Leonce-GaiterLeonce Gaiter has recently published his novel In the Company of Educated Men. We’re asking him some questions about the book, and not only. Here’s what he has told us…

[Q]: Who is Leonce Gaiter as a person and as a writer?
[A]: Because I’m a writer, anything I tell you about myself as a person would probably be a lie, so I won’t go there. As you are doubtless aware, writers are full of it. Frankly, I don’t know how much of my past I’ve truly remembered versus embellished and concocted out of fragments and shards. I have no idea how I came to be, but I’m here, and as a writer, the world can choose to deal with some aspects of various versions of me through my books. Otherwise, they are totally spared, which is their good fortune!

[Q]: Where did you get the idea for In the Company of Educated Men?
[A]: The book grew from a screenplay I had written more than 20 years ago, and that screenplay grew out of the somewhat sheltered existence I’d known throughout high school and college. Attending a good high school in a Washington, D.C. suburb, I had fallen in with a like-minded crowd of artsy types who rarely even turned on a television and only heard top 40 radio by accident. We were quite the snobby elitists, despite that fact that we really didn’t have the money to pull it off.
From high school I went to Harvard, where a lot of people did have the money to pull it off. I had spent all of my school years as a black student in overwhelmingly white worlds, so I was no stranger to societal divisions, and leaving school and confronting the real world was quite a shock. My mildly sheltered existence had not prepared me for the fact of how radically different the life I’d known was from that of most Americans.
The screenplay sprang from wanting to explore someone deeply sheltered, and having to confront the America most of us live in—and vice versa.It gave me a chance to explore class divisions, geographical divisions and racial division, all of which are central to this country.

[Q]: Can you briefly summarize it (without telling us too much, of course)?
[A]: It’s a memory piece in which the protagonist tries to make sense of the critical events that shaped his life. As a recent Harvard graduate of means, he faces a grave personal loss that forces him to question… everything. So he contrives a road trip, dragging his two best school friends with him, to find the answer to his questions somewhere on the road.
The recent graduate trio happen upon a desperate kid with a gun, and a little girl trying to flee a domestic hell. All lost, all searching, they find each other for only a moment, before cruel realities overwhelm them, threaten, and finally nearly defeat them.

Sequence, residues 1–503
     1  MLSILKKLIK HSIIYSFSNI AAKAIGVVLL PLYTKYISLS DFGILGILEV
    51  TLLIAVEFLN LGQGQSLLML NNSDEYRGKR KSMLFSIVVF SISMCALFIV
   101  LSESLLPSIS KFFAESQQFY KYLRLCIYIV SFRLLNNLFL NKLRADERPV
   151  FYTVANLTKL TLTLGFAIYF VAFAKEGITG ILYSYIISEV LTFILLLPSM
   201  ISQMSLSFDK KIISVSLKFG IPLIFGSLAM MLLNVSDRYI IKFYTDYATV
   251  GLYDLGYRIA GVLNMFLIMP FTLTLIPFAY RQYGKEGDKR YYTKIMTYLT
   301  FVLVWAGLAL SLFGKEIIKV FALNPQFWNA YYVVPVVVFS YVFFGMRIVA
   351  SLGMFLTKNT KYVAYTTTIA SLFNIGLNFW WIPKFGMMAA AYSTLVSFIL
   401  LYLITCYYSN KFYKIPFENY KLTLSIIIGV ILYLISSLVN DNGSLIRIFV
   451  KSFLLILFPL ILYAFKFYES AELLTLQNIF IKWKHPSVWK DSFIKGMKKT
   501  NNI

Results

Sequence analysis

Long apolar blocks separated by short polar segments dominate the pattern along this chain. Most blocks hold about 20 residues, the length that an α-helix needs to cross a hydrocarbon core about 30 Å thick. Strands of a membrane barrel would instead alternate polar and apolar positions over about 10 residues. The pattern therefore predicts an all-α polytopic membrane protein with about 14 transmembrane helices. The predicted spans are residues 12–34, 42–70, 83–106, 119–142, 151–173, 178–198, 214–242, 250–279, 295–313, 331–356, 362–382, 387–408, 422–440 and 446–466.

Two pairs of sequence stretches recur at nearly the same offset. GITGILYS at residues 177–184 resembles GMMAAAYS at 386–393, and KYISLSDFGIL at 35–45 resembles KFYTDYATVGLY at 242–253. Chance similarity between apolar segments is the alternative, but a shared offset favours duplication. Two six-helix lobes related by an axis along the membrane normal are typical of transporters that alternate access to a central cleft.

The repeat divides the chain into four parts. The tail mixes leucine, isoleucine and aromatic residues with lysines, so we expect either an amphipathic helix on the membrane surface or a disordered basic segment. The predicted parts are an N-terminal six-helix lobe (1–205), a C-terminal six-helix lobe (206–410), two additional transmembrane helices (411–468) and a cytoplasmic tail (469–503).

[Q]: Why readers might like it? Is there anything they might find difficult to accept in the book?
[A]: We often to pay homage to books that “challenge our assumptions,” but by and large I fear it’s self-aggrandizement. Most of the books we know and love reinforce our status quo, our visions of ourselves, and of our places in the world. I have written books in the past that I believe have had elements readers found difficult to accept, but I don’t think this is one of them—in fact, it was designed not to be.
I hope that it entertains because paints a vivid picture of a world as seen through a unique set of eyes. I am not a realist; I’m not trying to recreate the world as we all know it. I’m trying to create a world that grows from the characters and their situations—a world with recognizable aspects of this one, but a world that’s plainly extraordinary.

[Q]: Is Lennie Ashland character based on someone you know?
[A]: I think everyone in the book is a gross perversion of one or many people I’ve known. Ditto for every character I’ve ever written. Sometimes I think every character in this and all my other books are based on me.

[Q]: Are you already working on a new book?
[A]: I have completed another. Now all I have to do is try to sell the thing, which in my experience has been just as much work as writing it.

[Q]: What’s your opinion regarding ebooks and traditional books?
[A]: Both work. Hardback, paperback, ebook… it doesn’t matter. Whatever floats your boat. I have issues with pricing on ebooks, and with the bulk of the business model for print books (especially hardbacks, which I think are a little absurd), but how you read is insignificant.

[Q]: A suggestion to wannabe writers. A suggestion to passionate readers.
[A]: I wouldn’t dare try to give advice to writers. In 21st century America, fiction is not highly valued, and in a corporate publishing world, good writing and good reading (to my tastes at least) are both distressingly rare.
To passionate readers I simply say, read on, and buy ‘In the Company of Educated Men’ as a holiday gift for everyone you know!

[Q]: Thanks for having been with us, Leon.
[A]: Thank you.